UNT faculty targeted for saying music theory isn’t white supremacist

Graduate students have called for the University of North Texas College of Music to dissolve an academic journal run by two of the school’s professors because of articles it published arguing that music theory is not white supremacist.

The university announced Friday that it would formally investigate the journal.

An open letter to the Society of Music Theory is asking the organization to publicly condemn the study of music theory as white supremacist and censor those who argued otherwise in the UNT publication.

The University of North Texas College of Music will investigate a faculty-run academic journal responsible for showcasing critical responses to a claim that music theory is white supremacist.

A group of graduate students in the Division of Music History, Theory, and Ethnomusicology at the UNT College of Music released a statement recently, condemning the Journal of Schenkerian Studies (JSS), a publication run by faculty in the MHTE department.

According to the school’s page on the JSS, the journal focuses on “facets of Schenkerian thought, including theory, analysis, pedagogy, and historical aspects” -- essentially, a discrete branch of music theory centered on theories developed by Austrian musician Heinrich Schenker. 

UNT professors Timothy Jackson and Stephen Slottow oversee the JSS. Students are criticizing the journal’s Volume 12 issue of “platforming racist sentiments” because assorted members of UNT faculty published in it their responses to a presentation by music theorist Philip Ewell


[RELATED: Some students are daring to stand up to cancel culture]

In 2019, Dr. Ewell spoke at the Plenary Session of the Society for Music Theory’s 2019 meeting, exploring what he called “music theory’s white racial frame.” Following his presentation, several UNT professors wrote responses that took issue with Ewell’s claims regarding Schenker and Schenkerian thought. They brought several arguments against Ewell, including that music theorists should not neglect Schenkerian analysis because of the original theorist’s prejudices, and that Ewell had in fact misrepresented the role of racism in the development of Schenker’s theories. These were published in the 2019 issue of the JSS.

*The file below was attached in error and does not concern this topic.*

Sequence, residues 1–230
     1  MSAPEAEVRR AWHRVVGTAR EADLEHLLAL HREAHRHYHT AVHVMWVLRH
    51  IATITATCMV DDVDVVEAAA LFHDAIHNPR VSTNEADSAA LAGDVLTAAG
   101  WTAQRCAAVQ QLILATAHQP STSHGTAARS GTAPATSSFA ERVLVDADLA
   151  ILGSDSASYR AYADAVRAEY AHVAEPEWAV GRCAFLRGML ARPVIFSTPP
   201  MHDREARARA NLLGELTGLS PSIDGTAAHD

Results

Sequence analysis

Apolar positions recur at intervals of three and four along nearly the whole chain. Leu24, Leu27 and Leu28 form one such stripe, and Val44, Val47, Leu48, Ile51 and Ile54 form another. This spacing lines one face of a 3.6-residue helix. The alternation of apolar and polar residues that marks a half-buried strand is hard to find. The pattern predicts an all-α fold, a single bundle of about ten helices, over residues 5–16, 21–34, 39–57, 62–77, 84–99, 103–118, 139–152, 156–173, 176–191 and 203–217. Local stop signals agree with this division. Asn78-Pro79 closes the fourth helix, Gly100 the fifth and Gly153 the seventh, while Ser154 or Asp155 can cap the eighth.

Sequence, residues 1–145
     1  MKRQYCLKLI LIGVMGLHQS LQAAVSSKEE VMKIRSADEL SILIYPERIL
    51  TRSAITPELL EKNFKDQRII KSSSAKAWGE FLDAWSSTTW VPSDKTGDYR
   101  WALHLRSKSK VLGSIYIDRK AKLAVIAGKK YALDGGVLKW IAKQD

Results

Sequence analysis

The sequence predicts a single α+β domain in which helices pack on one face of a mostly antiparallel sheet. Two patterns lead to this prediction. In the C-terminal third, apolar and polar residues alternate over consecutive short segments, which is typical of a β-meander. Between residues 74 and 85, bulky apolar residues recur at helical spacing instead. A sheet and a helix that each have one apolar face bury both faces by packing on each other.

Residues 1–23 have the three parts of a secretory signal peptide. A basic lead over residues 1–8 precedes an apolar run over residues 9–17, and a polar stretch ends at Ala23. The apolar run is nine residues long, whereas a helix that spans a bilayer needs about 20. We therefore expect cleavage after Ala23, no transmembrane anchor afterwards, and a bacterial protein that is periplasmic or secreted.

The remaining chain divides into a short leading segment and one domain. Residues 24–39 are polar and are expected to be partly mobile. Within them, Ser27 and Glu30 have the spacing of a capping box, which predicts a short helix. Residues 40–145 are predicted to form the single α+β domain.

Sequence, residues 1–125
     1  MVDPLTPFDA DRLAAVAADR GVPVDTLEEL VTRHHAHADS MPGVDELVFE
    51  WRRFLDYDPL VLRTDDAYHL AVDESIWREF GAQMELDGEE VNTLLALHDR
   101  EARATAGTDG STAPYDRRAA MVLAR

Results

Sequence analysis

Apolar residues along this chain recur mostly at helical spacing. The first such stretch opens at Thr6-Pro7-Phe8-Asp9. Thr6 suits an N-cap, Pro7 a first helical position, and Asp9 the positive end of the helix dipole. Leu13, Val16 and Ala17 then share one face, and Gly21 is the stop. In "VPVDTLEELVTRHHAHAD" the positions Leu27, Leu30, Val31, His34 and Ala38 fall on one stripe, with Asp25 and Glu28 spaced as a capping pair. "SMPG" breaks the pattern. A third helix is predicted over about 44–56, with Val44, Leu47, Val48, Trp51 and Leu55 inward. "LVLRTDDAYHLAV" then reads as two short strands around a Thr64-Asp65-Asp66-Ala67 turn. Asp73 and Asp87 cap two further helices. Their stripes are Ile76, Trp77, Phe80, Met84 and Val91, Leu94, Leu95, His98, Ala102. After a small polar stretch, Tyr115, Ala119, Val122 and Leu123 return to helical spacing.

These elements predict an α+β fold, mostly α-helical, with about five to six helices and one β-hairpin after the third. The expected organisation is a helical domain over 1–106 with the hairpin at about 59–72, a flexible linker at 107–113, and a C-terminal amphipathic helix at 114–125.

The MHTE graduate students reacted to the publication with the accusation: “We condemn the egregious statements written by UNT faculty members within this publication. We stand in solidarity with Dr. Philip Ewell and his goals to address systemic racism in and beyond the field of music theory.” 

[RELATED: Vandals target piece of Berlin Wall at California college]

Their statement also sets forth a list of demands they ask of the College of Music, including requests to the school to dissolve the JSS and hold every person responsible for its publication accountable. Jackson, one of the faculty members who runs the JSS, has received particular condemnation for his role: “The actions of Dr. Jackson—both past and present—are particularly racist and unacceptable,” the statement reads. 

A group of music theorists has initiated an open letter to the Society for Music Theory (SMT), asking that it support Ewell because he has been singled out for criticism by the UNT faculty. The writers suggest a number of advanced anti-racist actions; heading the list is a request that the president of the society issue a public statement affirming that American music theory is historically rooted in white supremacy, that such white supremacy has resulted in racist policies, and that nonwhite musicians have consequently suffered injustice. 

The letter additionally asks  SMT to demonstrate support for the UNT graduate students in their “call for accountability” and to censor the members of the JSS advisory board. So far, it has gathered numerous signatures from academics across the United States. 

Faculty members at UNT have also expressed approval of the graduate students’ actions. 


The UNT College of Music announced Friday that the school has opened a formal investigation of the journal. 

“The University, the College of Music, and the Division of Music History, Theory, and Ethnomusicology reaffirm our dedication to combatting [sic] racism on campus and across all academic disciplines,” the Dean of the College of Music and the Chair of the MHTE division wrote. “We likewise remain deeply committed to the highest standards of music scholarship, professional ethics, academic freedom, and academic responsibility.”

Follow the author of this article on Twitter: @mariatcopeland